There are a number of home improvements for which vouchers can be used, including the installation of air source heat pumps, ground source heat pumps and solar thermal.
The Green Homes Grant and the RHI scheme can be used together, with the voucher value being deducted from the RHI payments.
Providing the property is well-insulated, an air source heat pump is likely to be suitable. Insulation is really important because it prevents heat escaping, enabling the heat pump to work efficiently at lower flow temperatures.
The levels of insulation in new build properties, and generally those built in the last 10 years, are likely to be suitable for an air source heat pump. Older properties will require insulation upgrades like loft, cavity wall and glazing improvements.
Yes, it can, providing that the insulation is being improved – ideally as close to current build regulations as possible. This enables the air source heat pump to work efficiently and keeps running costs low.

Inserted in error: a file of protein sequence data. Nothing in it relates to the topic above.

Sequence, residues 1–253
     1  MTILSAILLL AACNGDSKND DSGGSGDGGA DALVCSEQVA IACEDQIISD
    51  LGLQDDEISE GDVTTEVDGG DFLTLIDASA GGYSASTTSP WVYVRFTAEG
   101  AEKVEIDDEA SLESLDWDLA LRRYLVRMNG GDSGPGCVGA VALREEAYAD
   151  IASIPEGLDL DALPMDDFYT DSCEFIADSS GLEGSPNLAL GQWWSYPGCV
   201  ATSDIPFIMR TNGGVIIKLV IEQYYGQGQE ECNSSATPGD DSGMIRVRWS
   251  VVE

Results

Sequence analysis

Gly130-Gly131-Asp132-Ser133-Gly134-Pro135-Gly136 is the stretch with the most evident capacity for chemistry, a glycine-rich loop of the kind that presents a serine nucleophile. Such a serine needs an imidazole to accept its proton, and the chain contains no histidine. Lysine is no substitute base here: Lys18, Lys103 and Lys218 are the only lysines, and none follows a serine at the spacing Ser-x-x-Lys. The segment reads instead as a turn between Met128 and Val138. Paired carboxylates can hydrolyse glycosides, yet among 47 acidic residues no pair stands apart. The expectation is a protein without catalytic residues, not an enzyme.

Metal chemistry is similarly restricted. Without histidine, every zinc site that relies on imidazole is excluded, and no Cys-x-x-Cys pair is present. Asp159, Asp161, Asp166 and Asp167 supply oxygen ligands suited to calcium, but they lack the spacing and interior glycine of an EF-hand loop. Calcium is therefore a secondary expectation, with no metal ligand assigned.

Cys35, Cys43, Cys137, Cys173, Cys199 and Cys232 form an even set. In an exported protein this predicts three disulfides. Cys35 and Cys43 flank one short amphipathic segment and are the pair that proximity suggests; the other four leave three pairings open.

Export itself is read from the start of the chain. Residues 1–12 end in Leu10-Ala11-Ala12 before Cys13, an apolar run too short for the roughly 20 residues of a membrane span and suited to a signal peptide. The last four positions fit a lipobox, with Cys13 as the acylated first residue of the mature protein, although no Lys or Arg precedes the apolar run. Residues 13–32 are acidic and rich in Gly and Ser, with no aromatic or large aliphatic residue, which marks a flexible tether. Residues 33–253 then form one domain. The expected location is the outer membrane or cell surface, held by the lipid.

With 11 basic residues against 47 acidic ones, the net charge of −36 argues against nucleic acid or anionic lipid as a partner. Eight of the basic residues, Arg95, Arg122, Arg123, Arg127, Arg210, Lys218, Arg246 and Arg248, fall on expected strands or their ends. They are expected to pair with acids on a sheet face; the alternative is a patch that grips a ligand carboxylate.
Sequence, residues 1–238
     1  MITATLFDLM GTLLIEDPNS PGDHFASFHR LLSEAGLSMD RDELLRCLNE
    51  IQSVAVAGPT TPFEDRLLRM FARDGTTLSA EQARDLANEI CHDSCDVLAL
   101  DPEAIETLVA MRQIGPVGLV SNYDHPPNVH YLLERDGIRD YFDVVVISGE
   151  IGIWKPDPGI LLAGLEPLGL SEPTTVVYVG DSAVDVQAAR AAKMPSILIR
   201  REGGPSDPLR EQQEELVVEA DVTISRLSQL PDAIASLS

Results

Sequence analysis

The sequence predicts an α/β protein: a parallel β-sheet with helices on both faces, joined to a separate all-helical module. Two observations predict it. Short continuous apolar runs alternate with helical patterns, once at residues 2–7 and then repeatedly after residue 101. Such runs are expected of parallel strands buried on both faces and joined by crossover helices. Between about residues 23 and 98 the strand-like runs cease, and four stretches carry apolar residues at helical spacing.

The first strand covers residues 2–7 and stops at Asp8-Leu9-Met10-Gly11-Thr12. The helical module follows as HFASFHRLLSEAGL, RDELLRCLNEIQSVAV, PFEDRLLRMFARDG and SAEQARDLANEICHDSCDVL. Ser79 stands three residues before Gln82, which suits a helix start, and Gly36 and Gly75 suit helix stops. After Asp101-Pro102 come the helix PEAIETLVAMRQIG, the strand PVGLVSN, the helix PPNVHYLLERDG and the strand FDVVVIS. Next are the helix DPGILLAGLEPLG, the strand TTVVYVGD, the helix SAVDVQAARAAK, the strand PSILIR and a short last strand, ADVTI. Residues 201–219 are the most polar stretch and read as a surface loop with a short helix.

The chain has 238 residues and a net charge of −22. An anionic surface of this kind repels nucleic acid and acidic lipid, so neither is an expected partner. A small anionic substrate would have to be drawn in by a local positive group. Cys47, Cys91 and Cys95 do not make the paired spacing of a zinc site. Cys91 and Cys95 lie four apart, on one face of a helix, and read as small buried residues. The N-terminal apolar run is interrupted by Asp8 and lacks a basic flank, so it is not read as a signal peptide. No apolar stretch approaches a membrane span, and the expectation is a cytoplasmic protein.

Yes. An air source heat pump works effectively year-round, even in temperatures as low as -20°C.
An air source heat pump is around 300% efficient. This is because for every unit of energy it uses to extract heat from the air, it typically outputs over 3 units of heat energy into the property.
An air source heat pump is a low-carbon, efficient renewable technology. A big benefit is that it offers a cleaner and greener way to heat a home – no fossil fuels.
Aside from their eco credentials, an ASHP is also inexpensive to run and cost-effective in most projects, especially when you factor in the potential payback through the Renewable Heat Incentive.
In the majority of cases an air source heat pump does not require planning permission, falling under Permitted Development in line with MCS020. Obviously, it is important to check this before getting started!
If the property is listed, in an Area of Outstanding Natural Beauty or Conservation Area, planning permission will be required.
Not much! The air source heat pump unit is fitted outside of the property. You will need some space inside for the domestic hot water cylinder, buffer tank and the other components.
For heat pumps up to 12kW, you need a footprint around the same size as a standard hot water cylinder – similar to a large airing cupboard.
The main air source heat pump unit will be fitted outside the property with the domestic hot water cylinder and associated parts installed indoors.